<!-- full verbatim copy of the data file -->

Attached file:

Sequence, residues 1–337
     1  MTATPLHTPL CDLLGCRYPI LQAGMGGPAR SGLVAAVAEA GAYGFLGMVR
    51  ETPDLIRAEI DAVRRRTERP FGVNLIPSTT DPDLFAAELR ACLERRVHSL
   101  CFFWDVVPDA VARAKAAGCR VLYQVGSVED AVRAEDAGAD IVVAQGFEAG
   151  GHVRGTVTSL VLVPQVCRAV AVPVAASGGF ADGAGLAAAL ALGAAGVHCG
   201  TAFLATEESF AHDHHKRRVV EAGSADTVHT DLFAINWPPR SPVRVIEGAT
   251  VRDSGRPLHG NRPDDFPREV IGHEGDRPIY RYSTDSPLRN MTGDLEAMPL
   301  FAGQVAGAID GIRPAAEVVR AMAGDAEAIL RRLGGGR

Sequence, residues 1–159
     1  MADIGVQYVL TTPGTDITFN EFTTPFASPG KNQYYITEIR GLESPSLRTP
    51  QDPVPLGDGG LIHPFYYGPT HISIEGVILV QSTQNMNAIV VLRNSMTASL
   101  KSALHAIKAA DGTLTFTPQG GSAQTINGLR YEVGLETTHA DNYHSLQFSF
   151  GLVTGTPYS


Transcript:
Sequence, residues 1–337
     1  MTATPLHTPL CDLLGCRYPI LQAGMGGPAR SGLVAAVAEA GAYGFLGMVR
    51  ETPDLIRAEI DAVRRRTERP FGVNLIPSTT DPDLFAAELR ACLERRVHSL
   101  CFFWDVVPDA VARAKAAGCR VLYQVGSVED AVRAEDAGAD IVVAQGFEAG
   151  GHVRGTVTSL VLVPQVCRAV AVPVAASGGF ADGAGLAAAL ALGAAGVHCG
   201  TAFLATEESF AHDHHKRRVV EAGSADTVHT DLFAINWPPR SPVRVIEGAT
   251  VRDSGRPLHG NRPDDFPREV IGHEGDRPIY RYSTDSPLRN MTGDLEAMPL
   301  FAGQVAGAID GIRPAAEVVR AMAGDAEAIL RRLGGGR

Sequence, residues 1–159
     1  MADIGVQYVL TTPGTDITFN EFTTPFASPG KNQYYITEIR GLESPSLRTP
    51  QDPVPLGDGG LIHPFYYGPT HISIEGVILV QSTQNMNAIV VLRNSMTASL
   101  KSALHAIKAA DGTLTFTPQG GSAQTINGLR YEVGLETTHA DNYHSLQFSF
   151  GLVTGTPYS